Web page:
Effect of diseases on the intestinal absorption of microplastics

Diseases can alter the intestinal barrier and thereby affect the crossing of particles, their systemic bioavailability and potential toxicity. Using mutant Caenorhabditis elegans, Qu et al. have shown that PS nanoparticles (around 100 nm) can be translocated to systemic organs. In wild-type nematodes, the particles did not affect the functional state of intestinal barrier.140 Induction of diabetes in rats did not affect the uptake of 2 μm microplastic particles in epithelial cells, but clearly reduced their transepithelial passage across the GI tract and the translocation to secondary organs.141 On the contrary,142 did not detect differences of 2 μm size PS particle uptake between normal and immunodeficient mice with disorganized mucosa-associated lymphoid tissue (MALT). This is plausible, as the passage of the particles occurred through the villous epithelium not affected in the mouse model used. Other findings highlight that nano- and microparticles can have a different behavior at the inflamed intestinal mucosa (e.g. in Crohn's disease and ulcerative colitis): Poly(L-lactide-co-glycolide) (PLGA) microparticles, which are biodegradable polymers used to produce pharmaceuticals with depot function, distinctively accumulated in ulcerous lesions, while nanoparticles were only present in traces.143,144 However, contrary to microparticles, the translocation of nanoparticles to the serosal compartment was significantly increased in ulcerative colitis mucosae.143 Therefore, the behavior of nano- and microplastics in connection with specific diseases deserves further attention.

Toxicity of micro- and nanoplastics in the intestine

Usually plastic polymers are considered to be inert and therefore of possess only low chemical reactivity. Toxicological studies often relate to the toxicity of additives or remnant monomers.145 conducted a comprehensive hazard ranking of plastic polymers based on their chemical composition. They studied 55 of the most widely used polymer types with global production volumes > 10[thin space (1/6-em)]000 tons per year. A model for ranking the hazard of each polymer was developed according to the monomer chemicals that form the polymer. The polymers classified as most hazardous were those produced from monomers classified as carcinogenic, mutagenic or both. Hazard classification data was mainly obtained from Annex VI of the EU classification, labelling and packaging (CLP) regulation which is based on the UN Globally Harmonized System (GHS). This approach led to a high ranking for polyurethanes, polyvinylchloride, epoxy resins and styrene polymers. However, the lack of safety data for many of the listed substances was pointed out by the authors. In particular, no hazard classification was available for chemicals suspected of being endocrine disruptors, including bisphenol A, phthalates, and epichlorohydrin. This toxicity endpoint was therefore not included in the hazard assessment.65,145 The toxic effects of microplastics have been investigated in numerous aquatic species and inflammation, genotoxicity and oxidative stress responses have been pointed out.146 However, data on effects in mammalian systems are limited.5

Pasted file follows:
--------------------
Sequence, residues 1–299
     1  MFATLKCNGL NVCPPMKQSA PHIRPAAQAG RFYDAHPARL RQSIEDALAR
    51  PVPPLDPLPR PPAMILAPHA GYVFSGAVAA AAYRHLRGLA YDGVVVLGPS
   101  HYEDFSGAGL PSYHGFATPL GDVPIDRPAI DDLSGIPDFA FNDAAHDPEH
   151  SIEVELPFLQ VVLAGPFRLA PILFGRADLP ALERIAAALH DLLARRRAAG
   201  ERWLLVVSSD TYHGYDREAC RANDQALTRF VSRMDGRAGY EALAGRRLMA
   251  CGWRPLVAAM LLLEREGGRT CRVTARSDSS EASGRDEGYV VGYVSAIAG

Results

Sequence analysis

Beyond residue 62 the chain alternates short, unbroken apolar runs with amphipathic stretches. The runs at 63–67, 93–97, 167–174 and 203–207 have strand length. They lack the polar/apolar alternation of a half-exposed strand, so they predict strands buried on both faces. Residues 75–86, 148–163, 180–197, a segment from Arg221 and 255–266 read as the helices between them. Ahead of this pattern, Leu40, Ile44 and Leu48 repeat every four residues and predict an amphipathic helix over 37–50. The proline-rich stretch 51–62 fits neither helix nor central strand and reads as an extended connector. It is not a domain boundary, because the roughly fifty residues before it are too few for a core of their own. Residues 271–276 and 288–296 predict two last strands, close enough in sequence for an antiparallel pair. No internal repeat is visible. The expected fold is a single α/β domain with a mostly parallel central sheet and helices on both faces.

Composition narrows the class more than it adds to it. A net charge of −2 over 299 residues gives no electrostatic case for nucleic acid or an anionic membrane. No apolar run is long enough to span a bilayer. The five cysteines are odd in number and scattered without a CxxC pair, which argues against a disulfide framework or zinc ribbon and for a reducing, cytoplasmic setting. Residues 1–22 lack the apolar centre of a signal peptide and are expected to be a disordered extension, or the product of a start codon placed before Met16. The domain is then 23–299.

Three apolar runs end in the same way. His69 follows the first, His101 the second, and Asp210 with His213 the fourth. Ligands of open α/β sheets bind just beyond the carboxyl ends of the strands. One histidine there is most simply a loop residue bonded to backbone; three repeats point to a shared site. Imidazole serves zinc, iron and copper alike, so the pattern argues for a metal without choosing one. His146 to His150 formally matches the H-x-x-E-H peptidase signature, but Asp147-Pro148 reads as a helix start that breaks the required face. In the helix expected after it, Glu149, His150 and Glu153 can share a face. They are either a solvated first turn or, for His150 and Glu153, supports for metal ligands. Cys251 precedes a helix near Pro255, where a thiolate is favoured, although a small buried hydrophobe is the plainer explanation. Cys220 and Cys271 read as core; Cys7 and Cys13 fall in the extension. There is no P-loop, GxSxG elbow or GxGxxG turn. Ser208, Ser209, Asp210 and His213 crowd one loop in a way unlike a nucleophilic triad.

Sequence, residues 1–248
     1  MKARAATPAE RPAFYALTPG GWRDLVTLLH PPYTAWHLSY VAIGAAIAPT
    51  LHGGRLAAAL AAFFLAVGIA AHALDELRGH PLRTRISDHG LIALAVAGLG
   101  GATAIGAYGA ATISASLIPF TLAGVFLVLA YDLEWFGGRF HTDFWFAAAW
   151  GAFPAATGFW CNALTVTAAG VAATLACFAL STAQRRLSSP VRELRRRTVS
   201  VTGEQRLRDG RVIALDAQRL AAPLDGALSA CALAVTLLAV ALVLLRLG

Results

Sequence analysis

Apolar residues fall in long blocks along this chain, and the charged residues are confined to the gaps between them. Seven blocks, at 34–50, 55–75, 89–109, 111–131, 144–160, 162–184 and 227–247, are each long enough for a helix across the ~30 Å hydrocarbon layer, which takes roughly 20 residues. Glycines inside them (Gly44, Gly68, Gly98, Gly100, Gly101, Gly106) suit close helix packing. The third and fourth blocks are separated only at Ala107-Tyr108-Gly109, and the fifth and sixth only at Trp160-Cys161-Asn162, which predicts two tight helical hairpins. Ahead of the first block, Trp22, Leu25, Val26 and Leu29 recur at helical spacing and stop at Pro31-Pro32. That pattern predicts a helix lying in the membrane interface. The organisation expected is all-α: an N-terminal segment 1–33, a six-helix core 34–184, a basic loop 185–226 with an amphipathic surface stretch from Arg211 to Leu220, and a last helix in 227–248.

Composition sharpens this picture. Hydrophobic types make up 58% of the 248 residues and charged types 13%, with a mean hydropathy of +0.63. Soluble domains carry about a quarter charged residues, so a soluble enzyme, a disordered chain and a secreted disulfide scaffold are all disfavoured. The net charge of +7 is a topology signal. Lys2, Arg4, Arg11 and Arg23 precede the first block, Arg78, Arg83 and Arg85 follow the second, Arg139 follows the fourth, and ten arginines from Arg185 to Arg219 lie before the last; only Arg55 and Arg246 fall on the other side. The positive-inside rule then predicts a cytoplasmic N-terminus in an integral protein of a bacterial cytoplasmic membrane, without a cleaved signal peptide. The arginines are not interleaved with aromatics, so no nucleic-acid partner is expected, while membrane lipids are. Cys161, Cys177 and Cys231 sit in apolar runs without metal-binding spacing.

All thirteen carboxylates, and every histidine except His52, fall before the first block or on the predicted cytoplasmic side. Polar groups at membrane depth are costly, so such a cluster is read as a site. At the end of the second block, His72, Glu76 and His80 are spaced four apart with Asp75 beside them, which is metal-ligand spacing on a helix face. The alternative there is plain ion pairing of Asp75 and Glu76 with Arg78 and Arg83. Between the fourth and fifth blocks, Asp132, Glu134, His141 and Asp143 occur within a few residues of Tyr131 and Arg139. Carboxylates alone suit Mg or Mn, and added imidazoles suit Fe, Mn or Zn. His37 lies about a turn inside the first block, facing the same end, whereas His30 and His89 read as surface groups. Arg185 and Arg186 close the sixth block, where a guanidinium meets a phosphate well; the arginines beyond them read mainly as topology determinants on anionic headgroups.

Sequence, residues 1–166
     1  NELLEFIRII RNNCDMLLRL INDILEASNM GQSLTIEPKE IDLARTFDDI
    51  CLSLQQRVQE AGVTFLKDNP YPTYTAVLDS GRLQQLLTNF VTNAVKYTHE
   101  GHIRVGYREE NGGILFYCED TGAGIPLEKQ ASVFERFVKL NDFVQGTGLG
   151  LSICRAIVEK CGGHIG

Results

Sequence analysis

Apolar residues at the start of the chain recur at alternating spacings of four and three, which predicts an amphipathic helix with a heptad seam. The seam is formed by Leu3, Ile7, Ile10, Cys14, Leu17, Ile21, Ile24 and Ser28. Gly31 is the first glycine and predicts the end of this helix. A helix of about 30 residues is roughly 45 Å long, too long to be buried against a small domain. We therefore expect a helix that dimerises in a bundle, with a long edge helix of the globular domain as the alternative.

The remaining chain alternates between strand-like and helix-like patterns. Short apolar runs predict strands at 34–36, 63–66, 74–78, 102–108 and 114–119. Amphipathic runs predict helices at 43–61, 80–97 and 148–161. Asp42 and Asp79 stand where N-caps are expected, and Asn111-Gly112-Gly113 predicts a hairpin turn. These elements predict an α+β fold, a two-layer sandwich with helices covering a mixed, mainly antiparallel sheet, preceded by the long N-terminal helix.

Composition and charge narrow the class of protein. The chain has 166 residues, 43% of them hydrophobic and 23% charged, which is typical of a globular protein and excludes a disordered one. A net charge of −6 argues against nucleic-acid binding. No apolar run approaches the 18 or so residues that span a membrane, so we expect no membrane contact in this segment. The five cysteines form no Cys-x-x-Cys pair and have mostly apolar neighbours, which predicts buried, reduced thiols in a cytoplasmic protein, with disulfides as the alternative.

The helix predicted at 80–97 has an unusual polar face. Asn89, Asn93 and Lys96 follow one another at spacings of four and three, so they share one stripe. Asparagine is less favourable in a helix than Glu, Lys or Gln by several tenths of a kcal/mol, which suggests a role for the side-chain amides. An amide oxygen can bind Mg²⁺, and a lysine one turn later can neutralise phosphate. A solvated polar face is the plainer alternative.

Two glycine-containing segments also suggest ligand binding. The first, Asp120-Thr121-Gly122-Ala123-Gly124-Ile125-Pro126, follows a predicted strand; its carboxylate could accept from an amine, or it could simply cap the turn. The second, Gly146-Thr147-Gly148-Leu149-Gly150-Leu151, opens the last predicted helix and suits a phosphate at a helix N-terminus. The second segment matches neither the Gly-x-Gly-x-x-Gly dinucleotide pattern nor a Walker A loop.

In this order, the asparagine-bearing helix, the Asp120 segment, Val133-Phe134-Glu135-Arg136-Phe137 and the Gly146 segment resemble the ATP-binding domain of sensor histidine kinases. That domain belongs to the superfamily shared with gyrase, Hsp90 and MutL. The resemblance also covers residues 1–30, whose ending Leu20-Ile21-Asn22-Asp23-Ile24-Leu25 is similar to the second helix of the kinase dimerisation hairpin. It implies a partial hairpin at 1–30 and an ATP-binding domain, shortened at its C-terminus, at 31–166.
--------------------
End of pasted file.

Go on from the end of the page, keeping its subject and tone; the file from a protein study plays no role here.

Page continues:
Except from work with PS particles, only few in vitro toxicity studies with micro- or nanoplastics have been conducted so far and are summarized in Table 1. In 2018, Abdelkhaliq et al. reported effects of PS particles varying in size (50 nm and 200 nm) and in surface (carboxylated or sulfonated) on Caco-2 cells. No cytotoxicity (WST-1 assay, 24 h treatment) of PS particles was observed at a concentration of 250 mg mL−1.128 Similarly, no impact on Caco-2 cell viability was measured with 1 to 30 μg mL−1 laser-ablated approximately 100 nm PET particles.129 Moreover, the authors did not show indication of inflammation up to 24 h of incubation. In accordance with the findings above, Hesler et al. (2019) did also report the absence of toxicity at concentrations below 100 μg mL−1 PS particles after 24 h of incubation.133 When treating Caco-2 cells and Caco-2-based co-cultures with 1, 4 and 10 μm PS particles, functionalized with carboxy- or sulfone-groups, a significant decrease of Caco-2 cell viability was only measured at very high concentrations of 1 μm PS particles (1 × 108 particles per mL) in a combined CTB/MTT-assay after 48 h of incubation. Furthermore, the macrophage cell-line THP-1 was used to investigate macrophage polarization after particle exposure. No impact on cell polarization or differentiation into macrophages was observed.132 Another study with an inverted cell culture system showed cytotoxicity of low-density PE microparticles on HepG2 cells only in overload situations above 25 mg mL−1.147 After 12 h of incubation with 0.1 and 5 μm PS particles up to 200 μg mL−1, no impact on Caco-2 cell viability and only weak toxic effects with respect to oxidative stress and membrane integrity were observed. Disruption of the mitochondrial membrane potential (stronger with 5 μm particles) and inhibition of plasma membrane-located ATP binding cassette (ABC) transporter activity (stronger with 0.1 μm particles) were reported.148 The most complex coculture model was used by Lehner et al., combining Caco-2/HT29-MTX cells with human blood monocyte-derived macrophages and dendritic cells. This model was used to investigate different polymers like PP, tire rubber, polyamide (PA) and PU by incubation via dry powder insufflator system to aerosolize the particles directly on the intestinal model's surface. They did not find any cytotoxicity, release of inflammatory cytokines or changes of the barrier integrity.149